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During the summer, the Assembly in North Macedonia adopted relevant amendments to the Labour Law concerning the conditions for retirement. According to the estimations by the proposers of the amendment, around 6000 employees from the public and the private sector already reached 64 years of age by the end of 2020.

Technological progress has a magnificent impact on everyday business life, and one of the things made possible by it is creating the opportunity for employees to perform work outside their business premises. But although technological progress gave employers the means to operate their business through remote work, the rigidity in incorporating this work model in practice was shaken only after the COVID-19 pandemic struck, making the expansion of remote work models a result of practical necessity. The sudden spread of remote work in companies also brought concerns of legal nature, and questions like what are the best ways to regulate contracts, safety measures etc.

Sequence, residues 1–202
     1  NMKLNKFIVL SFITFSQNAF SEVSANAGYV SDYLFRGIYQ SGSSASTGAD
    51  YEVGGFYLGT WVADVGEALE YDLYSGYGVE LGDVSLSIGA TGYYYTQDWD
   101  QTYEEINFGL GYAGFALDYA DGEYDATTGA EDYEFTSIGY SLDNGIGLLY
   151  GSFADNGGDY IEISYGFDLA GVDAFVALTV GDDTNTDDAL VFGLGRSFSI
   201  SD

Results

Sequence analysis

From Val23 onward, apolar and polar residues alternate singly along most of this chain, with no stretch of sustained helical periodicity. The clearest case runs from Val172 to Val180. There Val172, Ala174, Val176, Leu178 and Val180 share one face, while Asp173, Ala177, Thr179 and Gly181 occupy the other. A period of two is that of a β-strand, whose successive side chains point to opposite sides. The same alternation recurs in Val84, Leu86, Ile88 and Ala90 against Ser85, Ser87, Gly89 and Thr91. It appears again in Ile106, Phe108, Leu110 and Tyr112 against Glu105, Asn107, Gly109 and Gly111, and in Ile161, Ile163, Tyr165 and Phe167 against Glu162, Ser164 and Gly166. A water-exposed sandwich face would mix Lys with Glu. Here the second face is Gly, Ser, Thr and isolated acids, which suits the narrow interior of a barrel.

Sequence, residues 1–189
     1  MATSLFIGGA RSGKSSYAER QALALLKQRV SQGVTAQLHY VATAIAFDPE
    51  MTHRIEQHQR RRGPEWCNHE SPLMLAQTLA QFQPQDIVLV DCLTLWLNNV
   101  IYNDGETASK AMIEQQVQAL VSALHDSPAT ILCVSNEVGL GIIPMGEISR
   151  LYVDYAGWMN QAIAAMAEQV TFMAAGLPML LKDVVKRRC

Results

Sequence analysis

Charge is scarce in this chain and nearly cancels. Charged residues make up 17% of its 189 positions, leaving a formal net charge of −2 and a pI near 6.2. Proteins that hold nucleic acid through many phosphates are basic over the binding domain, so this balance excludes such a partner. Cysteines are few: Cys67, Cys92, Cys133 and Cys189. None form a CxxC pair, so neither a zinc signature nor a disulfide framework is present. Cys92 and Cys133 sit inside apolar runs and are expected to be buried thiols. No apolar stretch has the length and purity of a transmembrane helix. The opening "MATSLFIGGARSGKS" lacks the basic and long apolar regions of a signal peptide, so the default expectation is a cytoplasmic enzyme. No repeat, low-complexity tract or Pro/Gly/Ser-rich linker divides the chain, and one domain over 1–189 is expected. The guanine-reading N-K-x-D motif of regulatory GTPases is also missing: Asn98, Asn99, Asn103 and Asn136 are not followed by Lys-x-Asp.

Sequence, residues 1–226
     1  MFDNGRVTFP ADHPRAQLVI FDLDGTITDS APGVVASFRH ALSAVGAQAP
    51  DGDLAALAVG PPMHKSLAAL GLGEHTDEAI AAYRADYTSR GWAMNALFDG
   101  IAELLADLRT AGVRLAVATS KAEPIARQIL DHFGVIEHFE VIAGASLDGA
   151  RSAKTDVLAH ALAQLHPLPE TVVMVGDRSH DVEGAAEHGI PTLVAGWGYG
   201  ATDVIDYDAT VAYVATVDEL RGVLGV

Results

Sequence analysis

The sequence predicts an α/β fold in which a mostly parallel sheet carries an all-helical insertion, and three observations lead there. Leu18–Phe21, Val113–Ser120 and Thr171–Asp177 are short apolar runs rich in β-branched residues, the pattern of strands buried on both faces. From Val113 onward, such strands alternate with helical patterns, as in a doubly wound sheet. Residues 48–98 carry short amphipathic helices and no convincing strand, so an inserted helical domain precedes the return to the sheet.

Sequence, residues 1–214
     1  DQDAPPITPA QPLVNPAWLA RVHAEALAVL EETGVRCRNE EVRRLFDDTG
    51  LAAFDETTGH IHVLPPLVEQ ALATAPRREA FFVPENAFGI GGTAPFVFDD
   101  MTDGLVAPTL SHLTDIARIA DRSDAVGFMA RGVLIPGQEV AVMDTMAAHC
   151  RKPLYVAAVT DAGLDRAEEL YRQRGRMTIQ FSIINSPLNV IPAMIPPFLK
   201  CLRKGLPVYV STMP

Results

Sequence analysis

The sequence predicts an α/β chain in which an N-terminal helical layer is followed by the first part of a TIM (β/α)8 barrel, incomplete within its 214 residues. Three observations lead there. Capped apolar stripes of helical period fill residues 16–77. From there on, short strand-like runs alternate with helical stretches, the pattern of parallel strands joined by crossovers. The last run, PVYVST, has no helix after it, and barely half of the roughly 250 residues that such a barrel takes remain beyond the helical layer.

Legislation concerning remote work is once again in the spotlight, as Government Decree 487/2020. (XI. 11.) on the application of teleworking rules during the state of emergency modified the provisions of telework as of 3 July 2021. According to the Decree, home office should be considered as remote work during the state of emergency and the provisions of the Decree are applicable instead of the provisions of the Labour Code on remote work.

From an economic and social point of view, throughout Europe, the COVID-19 pandemic period could be summarized in two words: digitalization and flexibility. These words were also key to employment matters, with a tendency for both employers and employees to be more open to establishing cross-border employment relationships, switching to remote work performed from a different EU Member States or, in case of expatriates, returning to their country of origin while continuing to work remotely for the same employer.

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